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Why Alphabet Is Taking Drivers Out of Its Driverless Cars

Alphabet (NASDAQ: GOOG) (NASDAQ: GOOGL) subsidiary Waymo is about to bring driverless cars to public roads for the first time -- by taking the driver out of some of its self-driving test vehicles.

Until now, all "self-driving" test vehicles on U.S. public roads (from all companies) have had human drivers at the wheel. Testing on public roads without a human driver at the ready is an important step toward building public acceptance of autonomous-vehicle technology.

But what does it mean for Waymo and its self-driving rivals?

For the first time, Waymo's self-driving test vehicles are operating without human drivers ready to take over. Image source: Alphabet.

What Waymo said: Truly driverless vehicles on public roads

The news involves Alphabet subsidiary Waymo, which is the company formerly known as the Google Self-Driving Cars Project. At a technology conference on Nov. 7, Waymo CEO John Krafcik announced that Waymo is now running test vehicles without a human driver in a designated area near Phoenix, Arizona.

That's groundbreaking news. Krafcik said that Waymo will soon break more ground: Over the next several weeks, it will invite members of the public to take trips in its fully self-driving vehicles.

The company elaborated on Krafcik's announcement in a post on its corporate blog:

After more than eight years of development, we're taking the next step toward unlocking the potential of fully self-driving technology. Starting now, Waymo's fully self-driving vehicles  --  our safest, most advanced vehicles on the road today -- are test-driving on public roads, without anyone in the driver's seat. To date, Waymo vehicles have been operating on public roads with a test driver at the wheel. Now, in an area of the Phoenix metro region, a subset of our fleet will operate in fully autonomous mode, with Waymo as the sole driver.

Waymo noted that its autonomous driving system has accumulated more than 3.5 million miles on U.S. public roads since its testing began back in 2009. On top of that, it's using test software that adds a simulated 10 million miles of testing every day.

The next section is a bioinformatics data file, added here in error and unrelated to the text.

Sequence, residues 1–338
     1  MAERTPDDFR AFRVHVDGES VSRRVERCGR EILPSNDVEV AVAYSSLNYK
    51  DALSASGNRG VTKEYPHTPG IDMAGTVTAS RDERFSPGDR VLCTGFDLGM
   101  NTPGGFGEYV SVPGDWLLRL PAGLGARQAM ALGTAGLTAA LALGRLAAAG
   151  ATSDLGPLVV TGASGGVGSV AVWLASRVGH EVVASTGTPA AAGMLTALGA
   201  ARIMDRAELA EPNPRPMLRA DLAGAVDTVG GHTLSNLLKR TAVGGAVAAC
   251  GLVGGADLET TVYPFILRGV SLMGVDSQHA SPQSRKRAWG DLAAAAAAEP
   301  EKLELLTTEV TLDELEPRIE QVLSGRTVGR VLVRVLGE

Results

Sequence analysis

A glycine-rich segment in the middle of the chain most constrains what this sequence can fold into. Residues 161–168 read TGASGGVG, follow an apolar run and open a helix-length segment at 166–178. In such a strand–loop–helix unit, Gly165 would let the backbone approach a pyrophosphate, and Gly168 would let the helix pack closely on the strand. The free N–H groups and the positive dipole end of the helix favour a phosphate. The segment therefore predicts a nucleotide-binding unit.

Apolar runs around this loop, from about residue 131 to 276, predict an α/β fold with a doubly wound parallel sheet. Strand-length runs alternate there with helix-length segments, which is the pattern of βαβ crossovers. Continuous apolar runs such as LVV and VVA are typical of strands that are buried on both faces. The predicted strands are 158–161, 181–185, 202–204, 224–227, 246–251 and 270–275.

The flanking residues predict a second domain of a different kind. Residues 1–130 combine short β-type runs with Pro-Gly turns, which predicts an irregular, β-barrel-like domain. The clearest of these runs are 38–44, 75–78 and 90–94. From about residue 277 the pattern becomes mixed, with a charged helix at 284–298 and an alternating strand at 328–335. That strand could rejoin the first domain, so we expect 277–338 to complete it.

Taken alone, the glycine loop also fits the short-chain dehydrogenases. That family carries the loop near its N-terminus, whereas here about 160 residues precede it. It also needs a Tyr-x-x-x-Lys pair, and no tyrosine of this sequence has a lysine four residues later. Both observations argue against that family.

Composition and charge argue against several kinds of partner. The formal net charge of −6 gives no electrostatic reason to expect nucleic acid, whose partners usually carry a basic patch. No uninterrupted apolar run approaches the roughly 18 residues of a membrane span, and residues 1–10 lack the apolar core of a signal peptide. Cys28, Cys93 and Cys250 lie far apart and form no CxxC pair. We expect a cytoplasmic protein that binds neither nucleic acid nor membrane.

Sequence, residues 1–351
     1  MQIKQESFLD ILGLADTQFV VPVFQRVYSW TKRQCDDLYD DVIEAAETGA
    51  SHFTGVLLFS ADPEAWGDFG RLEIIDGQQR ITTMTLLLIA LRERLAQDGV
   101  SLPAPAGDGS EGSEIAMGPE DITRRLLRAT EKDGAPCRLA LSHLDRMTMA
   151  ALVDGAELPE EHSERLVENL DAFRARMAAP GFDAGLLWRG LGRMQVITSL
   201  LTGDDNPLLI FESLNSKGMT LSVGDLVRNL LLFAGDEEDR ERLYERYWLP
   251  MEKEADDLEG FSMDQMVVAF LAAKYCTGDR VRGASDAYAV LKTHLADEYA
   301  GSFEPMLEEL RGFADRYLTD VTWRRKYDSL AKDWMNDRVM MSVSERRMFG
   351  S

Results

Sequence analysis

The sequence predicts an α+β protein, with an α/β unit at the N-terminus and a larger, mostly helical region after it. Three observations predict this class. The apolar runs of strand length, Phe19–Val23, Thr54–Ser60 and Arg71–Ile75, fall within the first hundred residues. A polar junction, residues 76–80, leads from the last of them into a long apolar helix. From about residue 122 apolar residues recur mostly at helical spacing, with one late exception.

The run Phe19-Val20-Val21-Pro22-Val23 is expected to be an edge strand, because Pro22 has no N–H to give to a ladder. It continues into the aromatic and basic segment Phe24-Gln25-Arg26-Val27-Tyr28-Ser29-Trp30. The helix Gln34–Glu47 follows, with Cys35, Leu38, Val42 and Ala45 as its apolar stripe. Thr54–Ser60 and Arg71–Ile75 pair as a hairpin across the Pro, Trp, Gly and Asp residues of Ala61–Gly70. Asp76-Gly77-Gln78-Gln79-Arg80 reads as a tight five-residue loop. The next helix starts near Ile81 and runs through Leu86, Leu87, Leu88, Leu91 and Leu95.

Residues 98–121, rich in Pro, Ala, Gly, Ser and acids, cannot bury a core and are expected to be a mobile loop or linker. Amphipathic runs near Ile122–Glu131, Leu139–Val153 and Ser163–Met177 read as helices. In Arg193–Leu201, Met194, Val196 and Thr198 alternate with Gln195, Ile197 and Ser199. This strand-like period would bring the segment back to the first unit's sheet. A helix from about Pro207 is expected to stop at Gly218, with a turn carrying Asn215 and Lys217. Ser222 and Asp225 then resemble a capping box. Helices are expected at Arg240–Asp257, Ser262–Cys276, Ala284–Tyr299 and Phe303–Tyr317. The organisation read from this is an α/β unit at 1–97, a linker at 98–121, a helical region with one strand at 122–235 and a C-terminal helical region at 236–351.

Waymo also noted that all of its current test vehicles have the backup safety systems that most experts think are required for safe autonomous driving, including backup steering and braking systems that can bring the vehicle to a safe stop if needed.

Simply put, this is a big deal.

What Waymo will get out of this

Waymo likely has several goals here:

  • Giving the public first-hand experience with driverless vehicles, so as to build enthusiasm and ease concerns
  • Learning how consumers interact with driverless cars, how people expect them to behave, and how they'll be used
  • Signaling -- to rivals, potential partners, and potential Waymo employees -- that its technology has reached the point where it's ready for this step
  • Proving to regulators (in other jurisdictions) that this kind of testing is safe

All of those are important -- not just to Waymo, but to advancing self-driving technology generally.

Does this mean Waymo is now the undisputed self-driving leader?

Yes and no. We knew that Waymo's technology was, at the very least, near the front of the self-driving pack. But others are likely close behind, including General Motors, Delphi Automotive, and possibly Ford Motor Company and a few others.

The fact that Waymo has begun this testing tells us two things: First, Waymo feels that its technology is ready for such a test. Because Waymo has been careful in its testing so far, its decision to proceed here inspires confidence. Second, it tells us Waymo has secured legal permission to operate its vehicles without human drivers in a specific, defined area of Arizona.

Don't discount the value of that legal permission. If Waymo's testing goes without incident, lawmakers and regulators in other areas will almost certainly be more willing to allow similar tests by similarly prepared rivals.

Long story short: It may turn out that companies like GM have technology that's effectively on par with Waymo's. But Waymo was the first to get permission to use it, and if it goes without incident, Waymo's test may open the door for other truly driverless tests in other areas.

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Suzanne Frey, an executive at Alphabet, is a member of The Motley Fool's board of directors. John Rosevear owns shares of, and The Motley Fool owns shares of and recommends, Ford. John Rosevear owns shares of General Motors. The Motley Fool owns shares of and recommends Alphabet (A and C shares). The Motley Fool has a disclosure policy.